Stocks rose on Monday as investors bet the government's stress tests on the financial sector won't force banks to raise as much capital as originally thought, driving the market higher.

Optimism that the economic slump is abating lifted the market further as data showed pending sales of existing homes rose unexpectedly in March.

With investors anticipating the release of final results of the stress tests on Thursday, Bloomberg reported Citigroup Inc is looking to raise any additional capital it might need from private investors rather that giving more control to the government. Shares of the bank gained 6.3 percent to $3.16.

There's the feeling we're going to see some positive news out of the banks that there's a chance they'll be able to raise capital beyond the government converting their preferred shares, said Jack Ablin, chief investment officer, Harris Private Bank in Chicago.

My barometer for the banking system is their ability to raise private capital, and right now the jury's still out, but at least the signs are encouraging.

The Dow Jones industrial average <.DJI> rose 169.81 points, or 2.07 percent, to 8,382.22. The Standard & Poor's 500 Index <.SPX> gained 18.16 points, or 2.07 percent, to 895.68. The Nasdaq Composite Index <.IXIC> climbed 30.25 points, or 1.76 percent, to 1,749.45.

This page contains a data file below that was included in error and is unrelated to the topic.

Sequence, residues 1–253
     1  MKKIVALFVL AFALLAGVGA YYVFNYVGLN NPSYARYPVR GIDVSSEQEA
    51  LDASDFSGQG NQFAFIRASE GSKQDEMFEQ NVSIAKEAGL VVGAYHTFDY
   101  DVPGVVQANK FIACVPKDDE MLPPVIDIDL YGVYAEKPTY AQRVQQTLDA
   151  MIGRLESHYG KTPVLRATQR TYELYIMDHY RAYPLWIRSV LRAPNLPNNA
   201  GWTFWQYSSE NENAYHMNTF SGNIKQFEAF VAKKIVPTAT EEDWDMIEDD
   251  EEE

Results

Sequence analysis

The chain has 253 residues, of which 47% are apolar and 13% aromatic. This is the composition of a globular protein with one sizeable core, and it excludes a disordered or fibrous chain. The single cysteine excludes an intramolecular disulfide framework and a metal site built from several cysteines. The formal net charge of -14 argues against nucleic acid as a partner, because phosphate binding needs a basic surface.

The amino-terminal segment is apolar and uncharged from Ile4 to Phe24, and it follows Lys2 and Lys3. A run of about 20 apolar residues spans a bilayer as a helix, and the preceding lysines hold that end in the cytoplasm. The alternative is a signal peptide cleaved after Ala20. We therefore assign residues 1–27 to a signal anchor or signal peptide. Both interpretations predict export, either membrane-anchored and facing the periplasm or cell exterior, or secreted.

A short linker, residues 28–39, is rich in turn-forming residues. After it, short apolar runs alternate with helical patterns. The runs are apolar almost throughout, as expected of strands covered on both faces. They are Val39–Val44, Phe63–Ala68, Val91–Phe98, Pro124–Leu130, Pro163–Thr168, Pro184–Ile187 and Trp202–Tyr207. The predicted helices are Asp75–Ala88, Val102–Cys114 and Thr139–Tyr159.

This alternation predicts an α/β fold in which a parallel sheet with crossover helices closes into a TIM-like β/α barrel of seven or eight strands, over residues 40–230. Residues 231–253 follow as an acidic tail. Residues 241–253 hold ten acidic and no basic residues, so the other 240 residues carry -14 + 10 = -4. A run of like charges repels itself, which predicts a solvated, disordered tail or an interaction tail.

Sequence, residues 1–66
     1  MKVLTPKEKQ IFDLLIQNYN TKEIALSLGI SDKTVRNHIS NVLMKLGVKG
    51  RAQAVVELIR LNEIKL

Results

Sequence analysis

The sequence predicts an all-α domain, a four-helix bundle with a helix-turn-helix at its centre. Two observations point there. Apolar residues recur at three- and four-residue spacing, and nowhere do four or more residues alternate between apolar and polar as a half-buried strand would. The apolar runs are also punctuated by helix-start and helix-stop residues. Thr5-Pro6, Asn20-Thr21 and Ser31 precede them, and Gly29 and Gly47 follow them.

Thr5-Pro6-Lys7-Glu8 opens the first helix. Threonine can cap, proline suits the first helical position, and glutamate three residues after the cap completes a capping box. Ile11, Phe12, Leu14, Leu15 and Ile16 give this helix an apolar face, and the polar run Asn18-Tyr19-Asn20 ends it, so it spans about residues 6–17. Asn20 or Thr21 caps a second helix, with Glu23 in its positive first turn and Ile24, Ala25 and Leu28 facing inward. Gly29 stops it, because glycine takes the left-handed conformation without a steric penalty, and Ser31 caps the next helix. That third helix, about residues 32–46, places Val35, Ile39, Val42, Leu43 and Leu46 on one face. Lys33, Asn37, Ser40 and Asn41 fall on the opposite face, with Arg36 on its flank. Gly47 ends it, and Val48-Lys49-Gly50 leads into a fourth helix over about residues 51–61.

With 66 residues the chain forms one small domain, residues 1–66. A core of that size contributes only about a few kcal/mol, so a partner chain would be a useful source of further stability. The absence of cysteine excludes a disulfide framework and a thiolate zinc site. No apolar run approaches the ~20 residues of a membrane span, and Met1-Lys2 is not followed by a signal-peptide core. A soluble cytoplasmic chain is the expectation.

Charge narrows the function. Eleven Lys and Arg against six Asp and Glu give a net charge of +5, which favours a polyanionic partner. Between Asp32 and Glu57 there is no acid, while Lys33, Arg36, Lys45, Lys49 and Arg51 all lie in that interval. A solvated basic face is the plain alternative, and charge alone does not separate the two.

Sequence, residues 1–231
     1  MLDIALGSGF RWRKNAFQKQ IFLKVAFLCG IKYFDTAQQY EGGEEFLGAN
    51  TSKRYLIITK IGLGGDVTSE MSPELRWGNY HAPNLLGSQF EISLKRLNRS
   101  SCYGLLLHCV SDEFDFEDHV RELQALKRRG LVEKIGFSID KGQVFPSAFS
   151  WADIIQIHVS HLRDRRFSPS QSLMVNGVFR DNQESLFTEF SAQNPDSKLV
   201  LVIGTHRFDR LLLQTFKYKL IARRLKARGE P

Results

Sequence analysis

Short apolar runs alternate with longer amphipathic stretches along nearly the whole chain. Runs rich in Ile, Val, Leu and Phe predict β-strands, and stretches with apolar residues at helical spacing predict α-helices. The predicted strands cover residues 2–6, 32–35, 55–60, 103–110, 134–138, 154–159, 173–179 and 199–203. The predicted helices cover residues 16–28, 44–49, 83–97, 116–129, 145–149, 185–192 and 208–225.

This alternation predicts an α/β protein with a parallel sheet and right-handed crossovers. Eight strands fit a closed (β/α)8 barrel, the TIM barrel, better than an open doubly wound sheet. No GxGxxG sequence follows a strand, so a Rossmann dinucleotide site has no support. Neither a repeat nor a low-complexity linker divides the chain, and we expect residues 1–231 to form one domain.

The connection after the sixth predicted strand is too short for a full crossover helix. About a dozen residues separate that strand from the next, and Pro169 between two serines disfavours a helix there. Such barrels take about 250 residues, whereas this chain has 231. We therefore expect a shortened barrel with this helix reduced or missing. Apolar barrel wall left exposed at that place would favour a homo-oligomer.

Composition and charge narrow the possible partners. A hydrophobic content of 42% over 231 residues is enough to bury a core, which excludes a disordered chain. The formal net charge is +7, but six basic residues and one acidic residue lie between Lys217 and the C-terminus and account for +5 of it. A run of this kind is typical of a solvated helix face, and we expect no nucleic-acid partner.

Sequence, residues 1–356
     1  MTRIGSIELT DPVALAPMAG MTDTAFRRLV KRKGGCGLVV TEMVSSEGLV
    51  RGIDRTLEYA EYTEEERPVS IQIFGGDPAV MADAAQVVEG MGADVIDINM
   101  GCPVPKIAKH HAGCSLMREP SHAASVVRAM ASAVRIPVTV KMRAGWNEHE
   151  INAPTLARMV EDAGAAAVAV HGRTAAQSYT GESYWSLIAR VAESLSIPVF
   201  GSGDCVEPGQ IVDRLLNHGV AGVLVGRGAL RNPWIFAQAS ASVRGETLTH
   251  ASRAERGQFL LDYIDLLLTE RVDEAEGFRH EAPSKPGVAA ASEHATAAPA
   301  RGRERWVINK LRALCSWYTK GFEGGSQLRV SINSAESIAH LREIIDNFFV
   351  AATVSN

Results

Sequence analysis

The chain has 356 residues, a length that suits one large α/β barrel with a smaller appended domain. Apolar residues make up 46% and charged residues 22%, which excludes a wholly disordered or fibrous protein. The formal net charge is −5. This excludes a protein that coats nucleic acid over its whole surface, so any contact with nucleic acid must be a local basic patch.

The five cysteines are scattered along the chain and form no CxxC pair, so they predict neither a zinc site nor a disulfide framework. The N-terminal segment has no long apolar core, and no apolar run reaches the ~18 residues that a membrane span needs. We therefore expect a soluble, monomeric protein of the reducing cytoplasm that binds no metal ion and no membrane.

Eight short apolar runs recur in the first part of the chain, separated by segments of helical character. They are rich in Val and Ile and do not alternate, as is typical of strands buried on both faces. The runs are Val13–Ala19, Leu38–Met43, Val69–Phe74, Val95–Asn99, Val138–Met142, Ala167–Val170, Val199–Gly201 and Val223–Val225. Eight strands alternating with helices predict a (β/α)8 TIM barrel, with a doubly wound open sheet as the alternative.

The broad S&P 500 is up more than 32 percent from early March's bear market low, spurred by hopes the worst is past for the economy and financial system.

Boeing Co helped lift the Dow after it said its 787 Dreamliner would be ready for its first flight later in the second quarter. Boeing shares rose 1.8 percent to $41.95.

The Financial Times, citing people close to the situation, reported that Bank of America Corp is working on plans to raise more than $10 billion in fresh capital, but the bank said it had no plans to do so and that it has not received a final figure from the Federal Reserve.

Bank of America rose 5.8 percent to $9.20 while the KBW Bank index <.BKX> gained more than 5 percent.

The government has assessed 19 major U.S. financial institutions to ensure they have sufficient capital to withstand the recession. The results, which are expected to be announced on Thursday, are anticipated to show banks must raise possibly $150 billion or more in fresh capital and the stocks of the neediest banks are likely to take a hit.

(Editing by Padraic Cassidy)